Early Wednesday morning television reporters Alison Parker and Adam Ward were fatally shot during an interview at Virginia’s WDBJ7 studio, based in Roanoke.
Unlike the South Carolina shooting earlier this summer, Virginia Governor Terry McAuliffe said his department doesn’t believe it was an act of terrorism.
“We believe it was a disgruntled employee who fired at the TV crew,” McAuliffe said.
But psychologists know “disgruntled” seldom captures to whole of a killer’s mental state.
While a “disgruntled” person is defined as “angry or dissatisfied,” the research on murders indicates that they’re defined by deep-rooted psychological trauma.
Earlier this year, the Loyola University psychologist James Garbarino published a book entitled“Listening to Killers:
Lessons Learned from My Twenty Years as a Psychological Expert Witness in Murder Cases.” We caught up with Garbarino to find out just what goes on inside the mind of people who kill.
Here are the lessons:
1. Murderers rarely fit the mould of “monsters.”
In sitting down with stone-cold killers, Garbarino says he’s learned that underneath the many layers of violent and sociopathic tendencies is usually a person who simply needs help.
“If you can sit across from them as another human being, their humanity can be striking,” he said.
On one occasion, he interviewed a man who by anyone else’s definition would have been terrifying, but revealed to Garbarino that he cries himself to sleep most nights.
Oftentimes, Garbarino says these moments get him seeing the world from the murderers’ point of view, understanding their thought processes, and sensing the moral dilemmas they have faced on the path leading up to the crime.
Which leads into the next fallacy.
2. There’s no such thing as a “senseless killing.”
Each crime has its own logic, Garbarino says. Even if the outside world can’t see it.
That doesn’t absolve criminals of the horrible things they do, he notes. But it should help illuminate an important backstory lurking in the criminals’ psychology. Maybe he can understand where things went wrong.
Garbarino offers the example of a gang initiation. Upon entering the gang, many inductees prove their worth by killing a random victim. They’re told to give the victim a choice between getting stabbed to death or getting shot.
“That is so far from a choice that any of us would have to make,” Garbarino says.
Ultimately, that distance makes it harder for people to understand how high the stakes really are. Kids typically join gangs for protection, but the barriers to entry are so grisly and gruesome that the general public only sees the effect.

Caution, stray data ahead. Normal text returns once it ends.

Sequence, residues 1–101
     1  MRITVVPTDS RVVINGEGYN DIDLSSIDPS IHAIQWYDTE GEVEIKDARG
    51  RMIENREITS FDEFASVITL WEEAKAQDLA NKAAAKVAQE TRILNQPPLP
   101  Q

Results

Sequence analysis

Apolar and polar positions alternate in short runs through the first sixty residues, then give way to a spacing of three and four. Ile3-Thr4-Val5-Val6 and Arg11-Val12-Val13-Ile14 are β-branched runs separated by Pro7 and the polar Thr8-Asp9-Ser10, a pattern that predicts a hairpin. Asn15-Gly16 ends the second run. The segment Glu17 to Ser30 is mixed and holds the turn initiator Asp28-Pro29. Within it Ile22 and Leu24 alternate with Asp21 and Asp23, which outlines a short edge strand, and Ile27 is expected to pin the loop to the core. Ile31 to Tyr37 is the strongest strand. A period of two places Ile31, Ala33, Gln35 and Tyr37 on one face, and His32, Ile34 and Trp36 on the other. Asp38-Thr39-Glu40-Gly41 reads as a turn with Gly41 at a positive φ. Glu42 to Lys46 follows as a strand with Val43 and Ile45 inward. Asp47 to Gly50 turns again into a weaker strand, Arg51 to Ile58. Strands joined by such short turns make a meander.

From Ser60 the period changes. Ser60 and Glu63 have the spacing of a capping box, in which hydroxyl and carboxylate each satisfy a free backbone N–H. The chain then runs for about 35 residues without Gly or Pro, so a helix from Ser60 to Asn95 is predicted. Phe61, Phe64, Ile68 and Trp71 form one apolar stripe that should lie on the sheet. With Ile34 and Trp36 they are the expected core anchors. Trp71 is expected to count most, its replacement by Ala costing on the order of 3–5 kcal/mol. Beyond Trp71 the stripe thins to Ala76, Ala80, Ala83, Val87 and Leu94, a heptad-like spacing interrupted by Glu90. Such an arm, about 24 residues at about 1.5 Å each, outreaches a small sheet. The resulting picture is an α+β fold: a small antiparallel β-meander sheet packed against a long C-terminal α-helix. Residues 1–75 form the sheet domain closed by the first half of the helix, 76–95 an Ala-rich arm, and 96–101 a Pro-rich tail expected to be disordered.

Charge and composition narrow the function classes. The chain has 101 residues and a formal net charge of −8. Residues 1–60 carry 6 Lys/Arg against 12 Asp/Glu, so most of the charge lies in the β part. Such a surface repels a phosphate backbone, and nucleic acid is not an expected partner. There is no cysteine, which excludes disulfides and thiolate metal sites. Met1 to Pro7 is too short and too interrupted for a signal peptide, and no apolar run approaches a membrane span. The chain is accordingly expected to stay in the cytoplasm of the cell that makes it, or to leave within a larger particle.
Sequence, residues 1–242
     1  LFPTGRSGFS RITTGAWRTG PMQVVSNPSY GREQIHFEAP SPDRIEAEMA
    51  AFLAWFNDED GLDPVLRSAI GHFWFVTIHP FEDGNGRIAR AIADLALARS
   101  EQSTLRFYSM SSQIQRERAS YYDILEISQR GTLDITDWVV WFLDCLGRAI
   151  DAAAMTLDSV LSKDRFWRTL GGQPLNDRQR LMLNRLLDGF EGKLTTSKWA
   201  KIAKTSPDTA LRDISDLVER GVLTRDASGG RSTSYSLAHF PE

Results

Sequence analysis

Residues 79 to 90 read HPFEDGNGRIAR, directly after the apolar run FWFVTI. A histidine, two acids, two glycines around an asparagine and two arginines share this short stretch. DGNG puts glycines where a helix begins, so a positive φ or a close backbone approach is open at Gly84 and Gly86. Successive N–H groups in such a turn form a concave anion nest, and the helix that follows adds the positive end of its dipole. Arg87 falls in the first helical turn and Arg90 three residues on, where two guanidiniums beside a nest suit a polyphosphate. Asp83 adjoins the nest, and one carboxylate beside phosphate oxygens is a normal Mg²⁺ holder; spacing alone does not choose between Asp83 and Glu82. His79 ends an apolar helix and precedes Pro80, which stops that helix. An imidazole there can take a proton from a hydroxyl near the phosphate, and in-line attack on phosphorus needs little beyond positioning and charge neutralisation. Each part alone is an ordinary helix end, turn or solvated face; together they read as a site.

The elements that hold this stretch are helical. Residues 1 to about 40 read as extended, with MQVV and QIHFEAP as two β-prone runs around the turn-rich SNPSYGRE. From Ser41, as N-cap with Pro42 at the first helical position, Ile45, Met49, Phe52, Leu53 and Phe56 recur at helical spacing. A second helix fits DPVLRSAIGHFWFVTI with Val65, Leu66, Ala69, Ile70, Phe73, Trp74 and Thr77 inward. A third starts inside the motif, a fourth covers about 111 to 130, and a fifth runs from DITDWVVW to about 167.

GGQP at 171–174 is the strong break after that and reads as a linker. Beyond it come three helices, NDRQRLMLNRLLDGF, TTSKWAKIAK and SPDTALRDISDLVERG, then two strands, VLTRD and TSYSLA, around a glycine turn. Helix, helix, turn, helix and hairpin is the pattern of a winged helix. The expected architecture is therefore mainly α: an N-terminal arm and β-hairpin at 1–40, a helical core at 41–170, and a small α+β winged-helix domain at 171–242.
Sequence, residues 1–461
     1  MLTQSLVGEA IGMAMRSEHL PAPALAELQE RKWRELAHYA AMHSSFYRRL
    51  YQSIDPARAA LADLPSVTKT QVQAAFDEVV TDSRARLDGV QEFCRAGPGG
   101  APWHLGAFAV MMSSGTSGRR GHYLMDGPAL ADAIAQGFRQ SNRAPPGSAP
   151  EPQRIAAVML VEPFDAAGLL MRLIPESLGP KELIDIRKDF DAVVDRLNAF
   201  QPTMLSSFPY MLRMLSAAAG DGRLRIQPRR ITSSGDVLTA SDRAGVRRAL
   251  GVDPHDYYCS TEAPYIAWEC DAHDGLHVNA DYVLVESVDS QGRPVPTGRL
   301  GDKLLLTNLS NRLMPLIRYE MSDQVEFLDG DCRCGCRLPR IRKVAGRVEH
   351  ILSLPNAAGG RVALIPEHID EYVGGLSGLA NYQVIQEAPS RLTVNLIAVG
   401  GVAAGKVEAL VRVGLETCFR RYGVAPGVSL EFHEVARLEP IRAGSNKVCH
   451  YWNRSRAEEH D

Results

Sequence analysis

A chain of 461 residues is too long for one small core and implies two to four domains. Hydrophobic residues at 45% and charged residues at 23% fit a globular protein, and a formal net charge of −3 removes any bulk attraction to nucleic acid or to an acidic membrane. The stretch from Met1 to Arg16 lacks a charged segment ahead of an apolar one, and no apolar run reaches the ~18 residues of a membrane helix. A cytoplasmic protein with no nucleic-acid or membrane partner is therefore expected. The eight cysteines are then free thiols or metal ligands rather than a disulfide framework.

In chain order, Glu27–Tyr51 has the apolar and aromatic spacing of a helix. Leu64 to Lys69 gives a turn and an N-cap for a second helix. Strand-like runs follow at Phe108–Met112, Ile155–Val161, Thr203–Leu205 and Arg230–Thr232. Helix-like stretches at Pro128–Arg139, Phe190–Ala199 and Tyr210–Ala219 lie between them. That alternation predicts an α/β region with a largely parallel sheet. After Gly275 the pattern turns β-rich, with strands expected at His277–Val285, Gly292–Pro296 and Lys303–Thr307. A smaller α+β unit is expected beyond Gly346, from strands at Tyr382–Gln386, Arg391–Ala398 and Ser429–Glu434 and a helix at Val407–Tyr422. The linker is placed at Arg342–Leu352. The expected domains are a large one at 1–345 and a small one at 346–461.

By then, any cause — however justified to the criminal — is irrelevant.
3. Murderers are profoundly damaged.
It isn’t evil that drives people to kill. Instead, killers are driven by devastating histories of trauma, Garbarino says.
In each interview he conducts, Garbarino asks the criminal a set of 10 questions designed to learn about abuse, domestic violence, and other perils of childhood. Formally, the diagnostic test is known as the Adverse Childhood Experience scale.
Most of the general population will score zero or one — the healthiest scores you can get.
“When I ask these questions of guys in these murder cases, it’s rare that you get anybody less than eight,” Garbarino says. “And it’s very common to get nine or ten.”
Garbarino likens the experience to shark attacks. No one would fault a 25-year-old who can’t walk because he got his leg torn off by a great white when he was five and never received physical therapy or a prosthesis, he says. Many murderers go through the same debilitating hardships.
“For a lot of these guys, it’s as if they have had psychological shark attacks. It takes a big hunk out of you,” he says. “And I think it has to be taken into account in understanding why the violence happens and what to do for and about the guys who do it.”
4. The worst criminals can be the most capable of change.
Garbarino says the magnitude of the crime doesn’t always predict how responsive a murderer will be to rehabilitation. Especially for adolescents, it isn’t far-fetched to describe several violent years as a “high-stakes phase.”
“I don’t mean to trivialize the crime, but there is a sense in which it’s phase-like or stage-specific,” he says.
In the book, Garbarino recounts the story of a teenager who plotted a Columbine-like school massacre. Prosecutors wanted to try him as an adult, which would have tacked on decades to his sentence for numerous counts of premeditated murder. But Garbarino successfully pushed for him to be tried as a juvenile.
As a result, the teen went back to high school after only a couple years, joined the Army, rose through the ranks, got married, and had a family.
“He got through that crazy phase,” Garbarino says, “and instead of [the state] spending millions of dollars to incarcerate him, he became an upstanding citizen. And that is possible more times than people realise.”
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